We had breakfast in the hotel, and then drove into downtown Hood River, which is a really cute little town. Did some shopping (check out Twiggs for great home décor and jewelry) and then had lunch at the Full Sail Brewery (www.fullsailbrewing.com), which was PACKED and for good reason: great brews and yummy food! Then we headed for Mt. Hood. The Timberline Lodge was celebrating its 75th anniversary over Labor Day weekend so we couldn’t get a room there. Instead, we stayed at Resort at the Mountain (www.theresort.com) in Welches. The rooms there were nice and the campus had a cozy feel to it. We ate dinner at The Rendezvous Grill, which was surprisingly good for such a remote location.

Day 4: Mt. Hood
Had breakfast at The Mallards Café at the golf course adjoining the Resort. Food was pretty good but service was really slow and inexperienced. We got picnic fixings at the Thriftway grocery store in Welches and then headed back up Mt. Hood to do the Mirror Lake hike (trailhead located 1 mile west of Government Camp Village on Hwy 26 at mile post 51.7). It was 1.5 miles to Mirror Lake, which was pretty but very crowded (Saturday of Labor Day weekend), and then we continued another 1.7 miles up to the ridge top of Tom Dick and Harry Mountain (that is really its name!), which was much quieter. It was a beautiful, clear day and from the summit we not only got a spectacular view of Mt. Hood, but could also see Mt. Adams, Mt. St. Helens and Mt. Rainier on the Washington side and Mt. Jefferson and the Three Sisters mountains on the Oregon side. It was breathtaking, and one of the highlights of the 8-day trip for us! We ate dinner at The Rendezvous again since it was so good on Friday night.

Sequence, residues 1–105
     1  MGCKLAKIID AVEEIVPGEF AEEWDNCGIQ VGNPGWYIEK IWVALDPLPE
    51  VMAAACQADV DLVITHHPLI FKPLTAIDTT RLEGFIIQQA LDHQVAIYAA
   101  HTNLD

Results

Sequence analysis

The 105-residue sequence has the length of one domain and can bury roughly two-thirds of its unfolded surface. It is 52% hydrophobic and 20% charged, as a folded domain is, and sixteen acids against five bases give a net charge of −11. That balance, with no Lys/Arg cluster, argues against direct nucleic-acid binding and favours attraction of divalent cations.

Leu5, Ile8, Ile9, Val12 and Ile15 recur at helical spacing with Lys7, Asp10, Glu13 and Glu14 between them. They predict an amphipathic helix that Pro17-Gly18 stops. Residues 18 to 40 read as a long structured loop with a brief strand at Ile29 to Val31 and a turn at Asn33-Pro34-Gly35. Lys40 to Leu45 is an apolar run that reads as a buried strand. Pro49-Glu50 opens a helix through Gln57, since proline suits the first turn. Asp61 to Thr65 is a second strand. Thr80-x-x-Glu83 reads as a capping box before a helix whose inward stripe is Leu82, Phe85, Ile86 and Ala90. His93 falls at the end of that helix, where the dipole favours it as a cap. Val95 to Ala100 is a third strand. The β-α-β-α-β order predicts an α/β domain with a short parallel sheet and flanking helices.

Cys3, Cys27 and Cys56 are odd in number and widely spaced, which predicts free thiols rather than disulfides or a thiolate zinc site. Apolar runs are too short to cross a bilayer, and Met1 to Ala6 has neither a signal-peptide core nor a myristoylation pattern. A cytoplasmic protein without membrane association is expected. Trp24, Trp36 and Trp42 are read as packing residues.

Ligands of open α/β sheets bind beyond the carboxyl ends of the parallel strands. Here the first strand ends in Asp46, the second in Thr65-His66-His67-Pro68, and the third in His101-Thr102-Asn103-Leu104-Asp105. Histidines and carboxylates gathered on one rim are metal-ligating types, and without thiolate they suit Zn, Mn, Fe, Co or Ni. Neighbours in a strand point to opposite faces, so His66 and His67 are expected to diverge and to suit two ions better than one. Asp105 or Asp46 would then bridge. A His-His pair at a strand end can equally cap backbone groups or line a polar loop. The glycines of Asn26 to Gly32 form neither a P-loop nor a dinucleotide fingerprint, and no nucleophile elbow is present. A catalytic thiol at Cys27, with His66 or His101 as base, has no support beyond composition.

Day 5: Mt. Hood to Willamette Valley
Had breakfast at The Mallards again, which was a mistake as the service was even slower than the previous day – it took over 30 minutes for them to bring our food, even though we were one of only 5 occupied tables in the dining room. Painful. We then drove back up Mt. Hood to check out the famous, historic Timberline Lodge (www.timberlinelodge.com), the exterior of which was featured in The Shining). We didn’t realize we were visiting on the actual 75th anniversary day of the lodge and the place was an absolute madhouse. We managed to get a table in the Ram’s Head Bar for quick bowls of chili before fleeing the crowds to take a few photos of the grounds, and then we hit the road again for Willamette Valley. We stayed at Le Puy (ww.lepuy-inn.com), a beautiful, modern bed and breakfast in Newberg, run by two architects. After a relaxing champagne happy hour on the deck of our room (“Thunder”) looking out over farmland and rolling hills, we headed into Newberg for dinner at Subterra (www.subterrarestaurant.com).

Day 6: Willamette Valley Wine Tasting